Civilization owes to the Islamic world some of its most important tools and achievements. From fundamental discoveries in medicine to the highest planes of astronomy, the Muslim genius has added much to the culture of all peoples. That genius has been a wellspring of science, commerce and the arts, and has provided for all of us many lessons in courage and in hospitality.
This fruitful relationship between peoples, going far back into history, becomes more important each year. Today, thousands of Americans, both private individuals and governmental officials, live and work — and grow in understanding — among the peoples of Islam.
At the same time, in our country, many from the Muslim lands — students, businessmen and representatives of states — are enjoying the benefits of experience among the people of this country. From these many personal contacts, here and abroad, I firmly believe that there will be a broader understanding and a deeper respect for the worth of all men; and a stronger resolution to work together for the good of mankind.
As I stand beneath these graceful arches, surrounded on every side by friends from far and near, I am convinced that our common goals are both right and promising. Faithful to the demands of justice and of brotherhood, each working according to the lights of his own conscience, our world must advance along the paths of peace.
Thank you very much.
Date posted: April 28, 2020.
Before departing this website please take a moment to review Simerg’s Table of Contents for links to hundreds of thought provoking pieces on a vast array of subjects including faith and culture, history and philosophy, and arts and letters to name a few.
Dwight D. Eisenhower (1890-1969) served as the thirty-fourth president of the United States, governing from 1953 to 1961, after a military career culminating in his role as Supreme Commander of Allied Forces in Europe during World War II. Eisenhower’s presidency was largely occupied by foreign affairs, most notably the Korean War, the expansion of U.S. involvement in the Middle East after the Suez Crisis, and the general deepening of the Cold War. Even domestically, many of Eisenhower’s achievements were shaped by national security, including the construction of the interstate highway system. Eisenhower joined the Presbyterian Church as an adult and played a role in the addition of “In God We Trust” on American currency. Eisenhower famously stated that “our government has no sense unless it is founded in a deeply felt religious faith, and I don’t care what it is.”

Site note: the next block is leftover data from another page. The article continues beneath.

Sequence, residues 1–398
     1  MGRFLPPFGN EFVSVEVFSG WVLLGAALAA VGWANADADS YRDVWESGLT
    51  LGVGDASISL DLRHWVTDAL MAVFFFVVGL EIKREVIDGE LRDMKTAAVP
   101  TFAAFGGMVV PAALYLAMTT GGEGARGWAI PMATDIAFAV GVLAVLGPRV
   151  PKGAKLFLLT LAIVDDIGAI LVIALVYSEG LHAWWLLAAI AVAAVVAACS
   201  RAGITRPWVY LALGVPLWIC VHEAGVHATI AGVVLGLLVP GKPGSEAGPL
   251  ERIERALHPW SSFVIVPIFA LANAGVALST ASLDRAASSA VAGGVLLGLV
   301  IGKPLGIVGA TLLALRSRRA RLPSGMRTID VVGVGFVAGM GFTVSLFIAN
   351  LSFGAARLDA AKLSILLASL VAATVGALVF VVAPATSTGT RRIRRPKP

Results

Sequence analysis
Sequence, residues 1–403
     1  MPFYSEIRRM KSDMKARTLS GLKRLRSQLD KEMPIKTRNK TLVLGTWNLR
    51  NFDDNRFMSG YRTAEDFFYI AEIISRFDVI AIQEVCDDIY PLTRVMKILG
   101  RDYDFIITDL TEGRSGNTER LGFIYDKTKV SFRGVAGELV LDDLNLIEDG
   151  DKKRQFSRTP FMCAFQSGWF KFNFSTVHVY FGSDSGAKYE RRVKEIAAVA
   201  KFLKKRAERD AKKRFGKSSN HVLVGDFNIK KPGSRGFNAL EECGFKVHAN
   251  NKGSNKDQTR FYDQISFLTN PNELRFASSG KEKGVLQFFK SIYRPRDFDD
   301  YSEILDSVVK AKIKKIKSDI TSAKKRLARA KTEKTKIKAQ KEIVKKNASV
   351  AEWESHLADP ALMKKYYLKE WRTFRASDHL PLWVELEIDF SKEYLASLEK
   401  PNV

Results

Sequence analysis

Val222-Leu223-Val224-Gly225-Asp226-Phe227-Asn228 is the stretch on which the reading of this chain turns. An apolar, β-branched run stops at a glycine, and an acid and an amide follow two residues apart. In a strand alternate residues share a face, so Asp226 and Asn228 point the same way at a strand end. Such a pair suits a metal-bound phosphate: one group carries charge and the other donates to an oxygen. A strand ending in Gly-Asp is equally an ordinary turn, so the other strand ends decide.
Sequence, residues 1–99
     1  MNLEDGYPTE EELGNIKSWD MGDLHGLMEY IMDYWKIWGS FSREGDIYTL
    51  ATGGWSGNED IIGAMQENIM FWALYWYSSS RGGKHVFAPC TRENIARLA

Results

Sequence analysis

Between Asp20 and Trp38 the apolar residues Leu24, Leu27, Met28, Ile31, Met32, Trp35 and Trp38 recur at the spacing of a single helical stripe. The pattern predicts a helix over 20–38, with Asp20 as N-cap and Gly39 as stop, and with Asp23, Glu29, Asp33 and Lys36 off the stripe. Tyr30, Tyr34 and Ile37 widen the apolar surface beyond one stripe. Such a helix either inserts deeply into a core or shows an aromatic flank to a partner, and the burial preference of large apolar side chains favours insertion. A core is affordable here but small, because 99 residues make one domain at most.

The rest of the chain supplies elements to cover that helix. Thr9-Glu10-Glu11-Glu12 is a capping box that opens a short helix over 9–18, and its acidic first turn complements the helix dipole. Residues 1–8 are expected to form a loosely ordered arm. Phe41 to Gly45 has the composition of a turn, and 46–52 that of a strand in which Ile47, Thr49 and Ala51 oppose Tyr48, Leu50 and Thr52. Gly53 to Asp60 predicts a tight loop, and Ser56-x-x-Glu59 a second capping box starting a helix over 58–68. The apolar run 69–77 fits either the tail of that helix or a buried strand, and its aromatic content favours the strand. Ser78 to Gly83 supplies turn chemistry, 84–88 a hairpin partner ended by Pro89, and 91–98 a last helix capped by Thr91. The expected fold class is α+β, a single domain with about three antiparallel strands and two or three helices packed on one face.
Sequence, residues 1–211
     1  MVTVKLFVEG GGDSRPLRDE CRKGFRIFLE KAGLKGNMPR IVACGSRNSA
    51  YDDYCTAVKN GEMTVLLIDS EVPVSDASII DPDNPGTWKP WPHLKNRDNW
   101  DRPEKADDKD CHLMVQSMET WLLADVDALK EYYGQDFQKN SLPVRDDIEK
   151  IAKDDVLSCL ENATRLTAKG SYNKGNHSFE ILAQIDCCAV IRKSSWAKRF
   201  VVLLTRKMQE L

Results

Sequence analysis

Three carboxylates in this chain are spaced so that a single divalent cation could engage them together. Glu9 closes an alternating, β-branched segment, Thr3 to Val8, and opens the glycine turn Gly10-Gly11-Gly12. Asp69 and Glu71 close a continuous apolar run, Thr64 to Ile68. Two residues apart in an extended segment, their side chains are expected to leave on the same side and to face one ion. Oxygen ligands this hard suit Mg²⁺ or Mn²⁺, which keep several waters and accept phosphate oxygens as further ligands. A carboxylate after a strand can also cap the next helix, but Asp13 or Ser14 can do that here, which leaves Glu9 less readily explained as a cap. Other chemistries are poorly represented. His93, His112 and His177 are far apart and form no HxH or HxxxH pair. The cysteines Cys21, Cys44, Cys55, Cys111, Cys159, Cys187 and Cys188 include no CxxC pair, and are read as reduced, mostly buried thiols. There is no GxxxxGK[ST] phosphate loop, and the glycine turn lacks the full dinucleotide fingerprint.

We welcome feedback/letters from our readers. Please use the feedback box which appears below. If you don’t see the box please click Leave a comment. Your comment may be edited for length and brevity, and is subject to moderation. We are unable to acknowledge unpublished letters.
Noteworthy book: “This Day in Presidential History,” by Paul Brandus. For each of the 365 days of the year, Brandus offers fascinating facts, historical anecdotes, and pithy quotations from and about all the presidents of the United States, from George Washington to Donald Trump.